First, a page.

Indwelling Catheters and Supplies
Browse our large selection of indwelling foley catheter brands to improve mobility and enable a full range of motion with minimal pinching or discomfort.
What Is An Indwelling Catheter?
An indwelling or foley catheter is a catheter type that remains inside of your body for a certain period of time. Indwelling catheters have a small tube that is inserted into the bladder to drain urine that drains into a urinary collection bag. Unlike other catheter types, indwelling catheters are not disposable and are not self inserted. They are recommended for those with urinary incontinence, the inability to empty the bladder, surgery on the prostate or genitals, and other medical conditions.
Qualify for Indwelling Catheters Through Insurance
View a variety of indwelling catheters and supplies offered by Aeroflow Urology to help you comfortably and confidently manage your condition. We will verify your coverage to ensure you fully utilize your benefits. Get started now with just a few simple steps! We will submit all required paperwork to your insurance company and healthcare provider and ship your urology supplies directly to your home.
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How Indwelling Catheters Work
These subacratic catheters work on a two-channel system. One of the channels runs the entire length of the tube and is open at both ends to allow the urine to drain from the bladder into the urinary bag. The other channel is a one-way channel which leads to the balloon that’s filled with sterilized water.
How often your indwelling catheter needs to be changed is based on your individual needs. Your healthcare provider will determine your optimal catheterization schedule. However, if you notice leakage around your catheter, this could be a good indication that it needs to be changed.
Cleaning Your Indwelling Catheter
In the shower
- Wash your hands with warm soap and water.
- Use a mild soap to wash your genitals. Men should pull back their foreskin if needed to clean the area, including the penis. Women should separate their labia and clean the area from front to back.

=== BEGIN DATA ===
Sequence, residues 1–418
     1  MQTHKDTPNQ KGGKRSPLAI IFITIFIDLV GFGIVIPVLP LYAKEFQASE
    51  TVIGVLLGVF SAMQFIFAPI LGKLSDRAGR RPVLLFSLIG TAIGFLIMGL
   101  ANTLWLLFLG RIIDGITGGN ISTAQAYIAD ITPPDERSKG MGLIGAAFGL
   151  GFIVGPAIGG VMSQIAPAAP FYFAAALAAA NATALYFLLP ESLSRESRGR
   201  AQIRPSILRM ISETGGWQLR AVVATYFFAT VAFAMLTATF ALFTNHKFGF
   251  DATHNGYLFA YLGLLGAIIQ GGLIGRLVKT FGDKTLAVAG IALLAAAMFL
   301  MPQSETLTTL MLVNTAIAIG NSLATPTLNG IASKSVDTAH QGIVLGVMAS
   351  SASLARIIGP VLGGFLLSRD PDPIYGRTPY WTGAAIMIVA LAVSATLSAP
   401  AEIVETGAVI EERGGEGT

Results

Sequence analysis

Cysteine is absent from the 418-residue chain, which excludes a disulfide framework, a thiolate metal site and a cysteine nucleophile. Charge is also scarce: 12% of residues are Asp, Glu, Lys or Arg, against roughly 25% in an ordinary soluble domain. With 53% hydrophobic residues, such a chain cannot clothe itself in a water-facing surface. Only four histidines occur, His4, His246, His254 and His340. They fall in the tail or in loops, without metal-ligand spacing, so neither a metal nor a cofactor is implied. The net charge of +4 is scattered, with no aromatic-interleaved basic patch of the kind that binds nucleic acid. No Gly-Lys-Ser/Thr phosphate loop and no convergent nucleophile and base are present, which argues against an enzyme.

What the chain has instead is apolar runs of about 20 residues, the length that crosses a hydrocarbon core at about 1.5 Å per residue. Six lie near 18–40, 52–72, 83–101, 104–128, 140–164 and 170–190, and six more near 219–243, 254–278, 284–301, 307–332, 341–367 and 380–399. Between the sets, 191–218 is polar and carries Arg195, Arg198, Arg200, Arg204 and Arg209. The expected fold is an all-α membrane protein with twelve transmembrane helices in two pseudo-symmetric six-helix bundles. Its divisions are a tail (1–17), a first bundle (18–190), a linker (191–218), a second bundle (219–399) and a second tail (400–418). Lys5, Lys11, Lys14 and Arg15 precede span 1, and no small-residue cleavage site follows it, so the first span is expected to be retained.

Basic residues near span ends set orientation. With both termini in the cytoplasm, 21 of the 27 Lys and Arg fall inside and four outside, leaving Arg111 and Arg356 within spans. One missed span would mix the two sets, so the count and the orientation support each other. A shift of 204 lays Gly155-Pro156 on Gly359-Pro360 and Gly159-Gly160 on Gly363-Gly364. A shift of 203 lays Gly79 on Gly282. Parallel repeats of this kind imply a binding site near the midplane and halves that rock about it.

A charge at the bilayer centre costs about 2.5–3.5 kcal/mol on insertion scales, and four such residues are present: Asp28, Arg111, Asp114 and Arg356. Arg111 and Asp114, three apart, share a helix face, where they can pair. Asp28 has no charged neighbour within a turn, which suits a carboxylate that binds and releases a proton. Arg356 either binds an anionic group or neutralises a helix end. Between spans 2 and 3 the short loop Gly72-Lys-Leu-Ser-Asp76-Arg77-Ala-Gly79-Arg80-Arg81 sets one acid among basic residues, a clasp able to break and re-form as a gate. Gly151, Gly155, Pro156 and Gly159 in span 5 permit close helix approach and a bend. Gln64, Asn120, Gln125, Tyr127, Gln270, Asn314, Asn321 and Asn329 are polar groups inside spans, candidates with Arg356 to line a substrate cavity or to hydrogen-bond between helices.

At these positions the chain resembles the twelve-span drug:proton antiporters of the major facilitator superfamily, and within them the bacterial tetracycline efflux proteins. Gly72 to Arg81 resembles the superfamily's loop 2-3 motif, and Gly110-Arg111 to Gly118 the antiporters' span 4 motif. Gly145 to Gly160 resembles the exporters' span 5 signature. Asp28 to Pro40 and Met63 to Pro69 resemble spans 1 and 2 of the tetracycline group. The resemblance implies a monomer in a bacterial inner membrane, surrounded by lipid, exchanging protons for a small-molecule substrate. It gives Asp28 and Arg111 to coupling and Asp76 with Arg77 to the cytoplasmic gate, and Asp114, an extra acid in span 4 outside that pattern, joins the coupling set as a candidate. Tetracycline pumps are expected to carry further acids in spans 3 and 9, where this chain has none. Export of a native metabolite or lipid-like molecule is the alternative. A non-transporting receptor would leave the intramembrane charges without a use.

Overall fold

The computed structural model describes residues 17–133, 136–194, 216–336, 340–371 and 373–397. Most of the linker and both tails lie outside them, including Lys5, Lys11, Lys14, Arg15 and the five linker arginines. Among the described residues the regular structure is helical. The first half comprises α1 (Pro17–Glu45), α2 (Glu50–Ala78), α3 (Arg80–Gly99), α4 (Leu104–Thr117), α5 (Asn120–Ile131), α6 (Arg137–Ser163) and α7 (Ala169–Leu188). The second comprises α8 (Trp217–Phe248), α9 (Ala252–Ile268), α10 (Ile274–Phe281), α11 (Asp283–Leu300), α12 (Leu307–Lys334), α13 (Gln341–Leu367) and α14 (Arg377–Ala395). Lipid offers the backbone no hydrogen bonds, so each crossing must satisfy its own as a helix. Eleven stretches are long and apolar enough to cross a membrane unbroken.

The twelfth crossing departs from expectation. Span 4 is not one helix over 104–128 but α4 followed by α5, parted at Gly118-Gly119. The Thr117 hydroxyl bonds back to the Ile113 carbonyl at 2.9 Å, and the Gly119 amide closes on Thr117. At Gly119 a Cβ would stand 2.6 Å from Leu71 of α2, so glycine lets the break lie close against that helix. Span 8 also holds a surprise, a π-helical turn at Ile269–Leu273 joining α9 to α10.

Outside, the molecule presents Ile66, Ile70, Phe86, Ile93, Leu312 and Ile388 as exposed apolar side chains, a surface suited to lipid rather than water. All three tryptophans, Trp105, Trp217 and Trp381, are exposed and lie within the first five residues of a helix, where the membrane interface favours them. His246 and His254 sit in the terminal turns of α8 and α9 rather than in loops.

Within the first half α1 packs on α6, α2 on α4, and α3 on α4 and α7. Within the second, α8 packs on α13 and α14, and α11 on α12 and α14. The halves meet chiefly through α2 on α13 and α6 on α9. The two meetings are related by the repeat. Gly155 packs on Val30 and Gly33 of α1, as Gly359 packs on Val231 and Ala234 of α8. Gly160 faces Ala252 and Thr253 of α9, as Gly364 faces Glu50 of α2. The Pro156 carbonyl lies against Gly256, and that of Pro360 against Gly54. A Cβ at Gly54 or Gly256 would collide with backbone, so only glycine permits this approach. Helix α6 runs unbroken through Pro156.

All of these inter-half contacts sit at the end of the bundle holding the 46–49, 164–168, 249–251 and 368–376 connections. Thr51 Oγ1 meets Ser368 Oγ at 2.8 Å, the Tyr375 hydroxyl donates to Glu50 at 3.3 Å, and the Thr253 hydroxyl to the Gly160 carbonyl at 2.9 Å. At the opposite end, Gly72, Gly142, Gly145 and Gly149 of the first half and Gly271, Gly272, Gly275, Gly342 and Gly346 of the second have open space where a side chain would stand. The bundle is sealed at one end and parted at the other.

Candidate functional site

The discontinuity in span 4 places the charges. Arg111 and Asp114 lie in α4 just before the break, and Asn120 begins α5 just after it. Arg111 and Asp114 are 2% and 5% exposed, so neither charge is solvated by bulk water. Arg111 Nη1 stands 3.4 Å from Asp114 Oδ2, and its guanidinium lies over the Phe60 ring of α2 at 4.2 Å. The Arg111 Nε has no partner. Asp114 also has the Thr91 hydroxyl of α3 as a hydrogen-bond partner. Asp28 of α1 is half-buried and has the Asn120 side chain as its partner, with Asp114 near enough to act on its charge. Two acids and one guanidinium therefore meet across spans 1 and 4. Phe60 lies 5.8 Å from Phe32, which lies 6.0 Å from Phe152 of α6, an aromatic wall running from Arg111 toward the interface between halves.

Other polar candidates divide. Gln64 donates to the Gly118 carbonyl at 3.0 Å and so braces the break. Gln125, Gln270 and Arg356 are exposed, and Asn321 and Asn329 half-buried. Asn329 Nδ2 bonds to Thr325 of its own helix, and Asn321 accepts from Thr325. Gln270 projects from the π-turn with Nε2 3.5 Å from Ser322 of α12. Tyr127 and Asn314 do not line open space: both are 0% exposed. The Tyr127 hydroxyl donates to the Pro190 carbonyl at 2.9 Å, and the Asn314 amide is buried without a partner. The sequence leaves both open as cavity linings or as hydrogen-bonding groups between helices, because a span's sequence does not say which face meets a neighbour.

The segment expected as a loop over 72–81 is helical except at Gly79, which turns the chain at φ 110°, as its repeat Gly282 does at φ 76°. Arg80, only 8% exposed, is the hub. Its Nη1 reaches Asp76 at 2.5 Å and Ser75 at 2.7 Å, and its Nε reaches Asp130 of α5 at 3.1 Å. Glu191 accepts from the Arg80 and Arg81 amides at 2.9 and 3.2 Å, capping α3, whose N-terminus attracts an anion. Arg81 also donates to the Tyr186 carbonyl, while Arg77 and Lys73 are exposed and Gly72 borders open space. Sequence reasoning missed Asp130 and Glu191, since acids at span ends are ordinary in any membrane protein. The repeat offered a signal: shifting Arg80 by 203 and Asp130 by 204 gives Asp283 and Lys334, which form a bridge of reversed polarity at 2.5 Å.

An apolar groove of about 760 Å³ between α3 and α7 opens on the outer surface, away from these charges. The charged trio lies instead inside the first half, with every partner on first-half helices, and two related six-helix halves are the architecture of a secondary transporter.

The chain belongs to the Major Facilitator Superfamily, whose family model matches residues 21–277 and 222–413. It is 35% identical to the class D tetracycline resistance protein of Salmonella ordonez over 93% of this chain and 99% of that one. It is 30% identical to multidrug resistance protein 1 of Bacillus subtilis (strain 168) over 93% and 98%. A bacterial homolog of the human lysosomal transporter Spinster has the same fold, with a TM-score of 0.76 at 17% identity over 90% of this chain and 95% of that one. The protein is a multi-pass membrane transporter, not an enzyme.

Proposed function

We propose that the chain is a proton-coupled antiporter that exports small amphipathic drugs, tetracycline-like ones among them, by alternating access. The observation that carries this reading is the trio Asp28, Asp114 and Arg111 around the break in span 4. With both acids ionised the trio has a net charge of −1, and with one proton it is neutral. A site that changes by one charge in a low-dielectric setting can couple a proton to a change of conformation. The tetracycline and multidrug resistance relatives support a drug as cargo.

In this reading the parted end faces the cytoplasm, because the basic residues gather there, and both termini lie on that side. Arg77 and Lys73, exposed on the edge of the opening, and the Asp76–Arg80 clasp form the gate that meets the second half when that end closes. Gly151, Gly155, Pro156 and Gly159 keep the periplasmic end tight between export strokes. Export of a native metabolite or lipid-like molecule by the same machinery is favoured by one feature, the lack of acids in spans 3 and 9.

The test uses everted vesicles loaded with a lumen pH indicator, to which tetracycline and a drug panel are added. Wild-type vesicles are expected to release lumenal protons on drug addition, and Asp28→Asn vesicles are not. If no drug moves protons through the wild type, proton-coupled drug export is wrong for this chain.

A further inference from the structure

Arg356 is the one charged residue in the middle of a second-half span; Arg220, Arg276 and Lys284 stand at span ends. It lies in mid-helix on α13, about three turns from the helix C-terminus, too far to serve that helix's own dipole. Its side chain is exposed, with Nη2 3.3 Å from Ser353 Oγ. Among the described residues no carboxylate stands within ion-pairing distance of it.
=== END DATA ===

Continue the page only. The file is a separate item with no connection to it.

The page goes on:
- Clean your urethra or urinary opening. This is where the catheter is inserted into your body unless it’s placed in your stomach.
- Clean your catheter from the insertion point and then downwards. Hold your catheter towards the insertion point to avoid placing tension on it.
- Rinse the area thoroughly and gently dry it.
- Place the drainage bag on your thigh or below the knee. It needs to be below your bladder. Avoid getting the catheter tubing tangled.
Out of the shower
- Wash your hands with warm soap and water.
- Wet a washcloth with warm water and add soap.
- Gently hold the catheter and wash down from the insertion point. Always clean your catheter while moving away from the body.
- Use a clean dry towel to dry your catheter.
Cleaning Your Urinary Drainage Bag
You will need to clean your drainage bags once a day and change them twice a day. You will change to the leg bag in the morning, and to the night bag before going to bed.
- Wash your hands with warm soapy water.
- Drain the urine out of the bag. Make sure the end of the bag does not touch the toilet.
- Use a cloth or gauze under the connector to catch any urine drops.
- Disconnect the used bladder bag.
- Clean the end of the catheter and the second bad with an alcohol pad.
- Connect the clean bag and attach it to your leg.
- Check the tubing for any twists or kinks.
- Rinse the dirty bag with soapy water. Swish the soapy water around inside of the bag.
- Thoroughly rinse the bag clean.
- Hang the urinary bag up to completely dry before using it again.
Urinary Tract Infection (UTI) Symptoms
Call your doctor if you experience the following symptoms, which could be associated with UTI.
- Pain around your sides of lower back
- Your urine smells bad, is cloudy, or discolored
- You have a fever or chills
- You have a burning sensation in your bladder or pelvis
- There is discharge or drainage around your catheter’s insertion point.
- You will need to clean your drainage bags once a day and change them twice a day. You will change to the leg bag in the morning, and to the night bag before going to bed.
Also, call your doctor if:
- Your urine bag is quickly filling more quickly than normal or you’re experiencing an increase in urine.
- There is blood in your urine.
- Urine is leaking around the insertion point.
- Your catheter is blocked or isn’t draining.
- You experience pain around your catheter.
- Your urine contains visible grit or debris.